Israelis stuck in Peru amid demonstrations and protests blocking airports

Demonstrations and political violence have been ongoing in the Latin American country since the arrest of president Pedro Castillo.

 Demonstrators stand on an airport tarmac amid violent protests following the ousting and arrest of former President Pedro Castillo, in Ayacucho, Peru December 15, 2022. (photo credit: REUTERS/Miguel Gutierrez Chero)
Demonstrators stand on an airport tarmac amid violent protests following the ousting and arrest of former President Pedro Castillo, in Ayacucho, Peru December 15, 2022.
(photo credit: REUTERS/Miguel Gutierrez Chero)

Some Israelis who traveled to Peru are stuck in the country and are unable to leave due to ongoing protests and demonstrations, Hebrew media reported this week.

The Foreign Ministry issued a travel warning following riots in the country, N12 reported on Thursday.

"There are no regular flights because of the attempt to take over the airport," Rabbi Ofer Karipour, who lived in a Chabad house in Cusco for 16 years, said in an interview with N12.

"We stayed in Cusco and went on a three-day trip to the area of ​​Machu Picchu," tourist Yael Haddad told N12. "At one point, the guide informed us that instead of driving half an hour by car to get to the restaurant where we were supposed to have lunch, we had to walk for two and a half hours."

Haddad also emphasized in the interview that there are no cars, buses, trains or flights.

 Soldiers take their weapons after they arrived as reinforcements amid violent protests following the ousting and arrest of former President Pedro Castillo, in Ayacucho, Peru December 15, 2022. (credit: REUTERS/Miguel Gutierrez Chero) Soldiers take their weapons after they arrived as reinforcements amid violent protests following the ousting and arrest of former President Pedro Castillo, in Ayacucho, Peru December 15, 2022. (credit: REUTERS/Miguel Gutierrez Chero)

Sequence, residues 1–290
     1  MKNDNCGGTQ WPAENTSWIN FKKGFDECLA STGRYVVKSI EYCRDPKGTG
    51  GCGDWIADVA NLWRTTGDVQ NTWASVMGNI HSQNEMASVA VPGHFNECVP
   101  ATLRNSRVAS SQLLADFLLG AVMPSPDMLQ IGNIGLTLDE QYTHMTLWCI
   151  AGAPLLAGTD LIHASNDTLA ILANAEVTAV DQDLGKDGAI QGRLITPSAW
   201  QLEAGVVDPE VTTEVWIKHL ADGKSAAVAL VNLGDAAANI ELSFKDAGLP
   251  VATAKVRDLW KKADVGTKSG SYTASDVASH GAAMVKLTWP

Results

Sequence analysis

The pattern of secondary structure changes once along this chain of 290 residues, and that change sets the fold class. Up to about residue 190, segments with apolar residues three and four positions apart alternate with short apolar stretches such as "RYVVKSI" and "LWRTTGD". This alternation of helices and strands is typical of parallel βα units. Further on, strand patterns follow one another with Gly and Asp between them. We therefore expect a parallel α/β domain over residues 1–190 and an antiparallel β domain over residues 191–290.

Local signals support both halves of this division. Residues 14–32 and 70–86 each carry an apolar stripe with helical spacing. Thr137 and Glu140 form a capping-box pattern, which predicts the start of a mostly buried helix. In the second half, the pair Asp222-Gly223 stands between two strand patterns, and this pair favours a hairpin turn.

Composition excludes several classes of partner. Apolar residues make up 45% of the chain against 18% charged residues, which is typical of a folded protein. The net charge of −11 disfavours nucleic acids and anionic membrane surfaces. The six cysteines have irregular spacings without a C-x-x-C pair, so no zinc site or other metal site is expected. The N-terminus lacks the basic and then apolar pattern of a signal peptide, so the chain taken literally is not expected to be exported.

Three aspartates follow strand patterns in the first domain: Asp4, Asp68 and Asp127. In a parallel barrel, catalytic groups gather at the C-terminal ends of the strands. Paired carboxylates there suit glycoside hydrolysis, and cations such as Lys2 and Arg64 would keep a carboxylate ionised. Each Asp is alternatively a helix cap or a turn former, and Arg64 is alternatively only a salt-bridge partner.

Many Israelis also found themselves trapped in hostels waiting for the riots to blow over, Ynet reported on Thursday.

"At one point, the guide informed us that instead of driving half an hour by car to get to the restaurant where we were supposed to have lunch, we had to walk for two and a half hours."

Yael Hadad

In an interview with Ynet, Roy from Netanya said that he is "fighting to find open places to eat or buy bath soap or second-hand creams. Little by little, the budget is starting to run out – it's not that cheap here – we try every day to check what's going on with the flights and when we can get out of here."

Why is this happening in Peru? What's going on?

Demonstrations and political violence have been ongoing in the Latin American country since the arrest of president Pedro Castillo.

Castillo reportedly tried to dissolve the Peruvian Congress to prevent a vote on his impeachment. As a result, the Peruvian leader was accused of a coup d'état and arrested. His arrest caused hundreds of thousands of his supporters to go out to protest his imprisonment.

Protesters blocked key roads and forced the closure of five airports in Peru amid violent protests that flared up again on Friday and have left at least 16 dead, following Castillo's ousting and arrest.

The demonstrations also left many policemen and civilians injured.

Demonstrators are calling for early elections, the closure of Congress, a constituent assembly, and the resignation of new President Dina Boluarte, who took over from Castillo after he was removed from office by a congressional vote hours after he attempted to dissolve Congress.

Castillo has denied wrongdoing and says he remains the country's lawful president.

The death toll from the protests could be as high as 20, Eliana Revollar, head of Peru's ombudsman's office, said in an interview with local radio RPP.

Reuters contributed to this report.